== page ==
Every year, I start kindergarten with a relationships unit. We learn about family relationships, interpersonal relationships, relationships in the garden, and relationships between plants, insects and animals. My Neighbor Totoro will be a perfect addition to this unit--this is a movie all about relationships. The premise: Mei and Satsuki move to a new, rural town with their dad. Their mother is in the hospital. The girls, adjusting to their new life, make new friends, including a forest spirit animal that they call Totoro, experience grief, and become closer as a family. In the end, their mother gets better, and we are to assume they live happily ever after.
After comparing Mei and Satski's life in rural Japan to our life in urban Los Angeles and noting differences in culture that we see in their family dynamic (sleeping, bathing, and chores, to name a few), we will discuss three different relationships in our class after we watch the movie:
1. The relationship between Mei and Satsuki: as sisters, as children, as newcomers to the countryside. They have a very interesting and relatable relationship, one that at times is positive and supportive, and other times is stressed and can be hurtful. I think the students will really enjoy pointing out all the intricacies of their relationship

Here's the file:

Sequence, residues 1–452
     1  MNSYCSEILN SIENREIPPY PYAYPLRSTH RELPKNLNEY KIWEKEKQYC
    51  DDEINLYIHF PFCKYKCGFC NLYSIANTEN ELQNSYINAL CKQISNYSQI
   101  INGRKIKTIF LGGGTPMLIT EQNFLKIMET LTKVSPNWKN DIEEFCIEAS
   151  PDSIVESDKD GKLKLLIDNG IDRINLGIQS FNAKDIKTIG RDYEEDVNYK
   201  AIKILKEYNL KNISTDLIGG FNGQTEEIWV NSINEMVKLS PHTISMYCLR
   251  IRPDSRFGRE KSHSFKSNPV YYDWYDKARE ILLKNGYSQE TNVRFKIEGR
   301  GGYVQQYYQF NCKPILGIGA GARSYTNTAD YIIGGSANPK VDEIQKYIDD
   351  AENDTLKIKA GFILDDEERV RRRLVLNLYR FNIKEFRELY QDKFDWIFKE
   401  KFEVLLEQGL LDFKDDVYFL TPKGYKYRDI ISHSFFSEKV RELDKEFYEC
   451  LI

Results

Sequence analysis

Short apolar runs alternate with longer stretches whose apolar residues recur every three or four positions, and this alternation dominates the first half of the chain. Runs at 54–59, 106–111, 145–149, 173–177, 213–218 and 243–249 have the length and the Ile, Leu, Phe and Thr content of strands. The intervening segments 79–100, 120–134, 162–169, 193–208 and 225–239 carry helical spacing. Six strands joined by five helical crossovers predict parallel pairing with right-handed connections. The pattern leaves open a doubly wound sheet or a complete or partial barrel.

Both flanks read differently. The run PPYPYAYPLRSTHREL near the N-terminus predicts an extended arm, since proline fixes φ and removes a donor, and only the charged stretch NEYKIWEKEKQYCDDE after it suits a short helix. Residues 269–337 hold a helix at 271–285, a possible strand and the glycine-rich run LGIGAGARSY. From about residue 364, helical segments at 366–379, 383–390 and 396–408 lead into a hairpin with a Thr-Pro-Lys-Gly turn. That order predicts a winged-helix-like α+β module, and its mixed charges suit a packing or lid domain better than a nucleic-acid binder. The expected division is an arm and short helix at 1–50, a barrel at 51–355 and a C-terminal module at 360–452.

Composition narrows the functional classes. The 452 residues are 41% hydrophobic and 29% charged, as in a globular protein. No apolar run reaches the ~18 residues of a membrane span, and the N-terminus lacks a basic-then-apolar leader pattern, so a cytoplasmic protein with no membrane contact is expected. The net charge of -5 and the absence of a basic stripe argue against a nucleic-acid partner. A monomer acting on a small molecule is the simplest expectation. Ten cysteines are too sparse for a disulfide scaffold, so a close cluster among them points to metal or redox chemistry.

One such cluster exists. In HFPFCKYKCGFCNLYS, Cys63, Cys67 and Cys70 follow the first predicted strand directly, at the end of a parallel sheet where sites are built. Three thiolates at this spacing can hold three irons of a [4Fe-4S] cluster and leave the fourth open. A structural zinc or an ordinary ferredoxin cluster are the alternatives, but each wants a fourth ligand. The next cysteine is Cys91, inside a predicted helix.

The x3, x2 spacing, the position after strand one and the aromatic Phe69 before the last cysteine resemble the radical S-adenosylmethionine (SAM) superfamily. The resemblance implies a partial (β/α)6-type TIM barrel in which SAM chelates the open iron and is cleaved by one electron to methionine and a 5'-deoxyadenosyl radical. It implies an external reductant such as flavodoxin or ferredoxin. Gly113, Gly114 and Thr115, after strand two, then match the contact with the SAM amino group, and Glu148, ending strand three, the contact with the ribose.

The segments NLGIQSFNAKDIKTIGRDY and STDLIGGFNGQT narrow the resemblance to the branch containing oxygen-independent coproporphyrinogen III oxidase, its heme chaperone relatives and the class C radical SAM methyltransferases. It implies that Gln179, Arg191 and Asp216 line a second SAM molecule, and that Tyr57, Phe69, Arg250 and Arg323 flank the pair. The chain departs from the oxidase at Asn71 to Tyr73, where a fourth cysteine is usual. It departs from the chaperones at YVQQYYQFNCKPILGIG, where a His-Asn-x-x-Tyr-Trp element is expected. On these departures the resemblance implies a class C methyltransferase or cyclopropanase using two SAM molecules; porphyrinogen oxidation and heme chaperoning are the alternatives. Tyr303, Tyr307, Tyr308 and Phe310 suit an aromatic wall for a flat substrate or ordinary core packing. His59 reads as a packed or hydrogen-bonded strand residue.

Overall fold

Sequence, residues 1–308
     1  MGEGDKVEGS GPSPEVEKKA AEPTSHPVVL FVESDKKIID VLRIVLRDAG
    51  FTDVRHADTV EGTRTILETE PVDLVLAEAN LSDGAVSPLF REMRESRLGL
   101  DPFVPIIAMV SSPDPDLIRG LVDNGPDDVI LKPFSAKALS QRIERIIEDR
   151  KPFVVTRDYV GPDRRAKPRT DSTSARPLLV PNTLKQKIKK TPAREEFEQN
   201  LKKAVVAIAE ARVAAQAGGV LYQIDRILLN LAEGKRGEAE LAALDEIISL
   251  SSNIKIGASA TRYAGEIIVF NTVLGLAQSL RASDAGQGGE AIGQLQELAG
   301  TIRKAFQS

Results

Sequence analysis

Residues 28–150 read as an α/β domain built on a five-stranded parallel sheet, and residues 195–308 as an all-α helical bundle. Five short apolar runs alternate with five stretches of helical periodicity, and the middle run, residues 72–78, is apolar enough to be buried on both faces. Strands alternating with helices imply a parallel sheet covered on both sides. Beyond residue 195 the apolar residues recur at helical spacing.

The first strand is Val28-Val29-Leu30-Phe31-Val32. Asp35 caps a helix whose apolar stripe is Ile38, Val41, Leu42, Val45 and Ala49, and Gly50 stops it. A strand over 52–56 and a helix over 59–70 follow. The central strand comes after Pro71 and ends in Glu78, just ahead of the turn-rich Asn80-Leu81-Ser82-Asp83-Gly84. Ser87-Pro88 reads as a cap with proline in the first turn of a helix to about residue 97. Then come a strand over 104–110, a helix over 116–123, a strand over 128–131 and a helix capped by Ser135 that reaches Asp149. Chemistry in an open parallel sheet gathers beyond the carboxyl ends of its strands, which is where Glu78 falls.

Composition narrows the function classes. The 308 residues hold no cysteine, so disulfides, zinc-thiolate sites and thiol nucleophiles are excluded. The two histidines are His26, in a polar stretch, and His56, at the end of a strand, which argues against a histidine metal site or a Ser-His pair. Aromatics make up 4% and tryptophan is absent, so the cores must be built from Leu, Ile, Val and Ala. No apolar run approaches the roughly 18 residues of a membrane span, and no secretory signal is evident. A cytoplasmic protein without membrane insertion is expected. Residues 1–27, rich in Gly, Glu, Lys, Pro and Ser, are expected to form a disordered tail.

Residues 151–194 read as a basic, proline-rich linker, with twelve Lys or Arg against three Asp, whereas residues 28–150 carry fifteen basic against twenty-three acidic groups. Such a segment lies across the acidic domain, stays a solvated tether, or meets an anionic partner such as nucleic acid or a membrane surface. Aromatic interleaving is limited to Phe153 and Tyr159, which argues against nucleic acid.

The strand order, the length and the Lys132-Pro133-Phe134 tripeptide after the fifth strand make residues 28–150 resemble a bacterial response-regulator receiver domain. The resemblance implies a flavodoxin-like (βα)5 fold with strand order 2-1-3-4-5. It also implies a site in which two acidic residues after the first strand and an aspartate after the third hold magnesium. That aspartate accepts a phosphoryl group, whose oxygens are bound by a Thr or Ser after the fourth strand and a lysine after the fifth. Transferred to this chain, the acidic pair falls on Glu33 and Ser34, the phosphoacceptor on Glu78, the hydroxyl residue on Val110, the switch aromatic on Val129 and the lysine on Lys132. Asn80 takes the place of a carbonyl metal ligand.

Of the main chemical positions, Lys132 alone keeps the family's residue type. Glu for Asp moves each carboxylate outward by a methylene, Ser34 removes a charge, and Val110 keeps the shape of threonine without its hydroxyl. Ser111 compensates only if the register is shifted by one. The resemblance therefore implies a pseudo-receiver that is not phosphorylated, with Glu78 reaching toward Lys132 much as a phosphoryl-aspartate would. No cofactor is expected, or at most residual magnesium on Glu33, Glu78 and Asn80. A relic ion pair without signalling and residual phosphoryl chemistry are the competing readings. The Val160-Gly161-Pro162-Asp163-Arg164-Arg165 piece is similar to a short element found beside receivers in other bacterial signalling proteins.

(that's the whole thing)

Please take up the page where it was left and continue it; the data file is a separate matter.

2. The relationship between the sisters and their parents: there is love and trust, but frustration and panic as well. I could see my students coming up with positive and negative aspects of their relationship as a family--namely, that mom and dad are not always there, and the girls are forced to deal with the stress of having a mother in the hospital on their own.
3. The relationship between humans and the environment: there are a lot of points in the movie where the respect for nature is emphasized. The family prays to the tree, the girls dance with Totoro to grow the seeds--nature is seen as healing, wonderous, and to be respected. I know my students will have a lot to say about what positive and negative things that humans do to the environment--and vice versa.
If nothing else, the students will respond to the cuteness of Totoro, and the transformation of the neighbor boy from enemy to friend. There is a lot that the students can relate to in this movie, as well as a lot they can learn!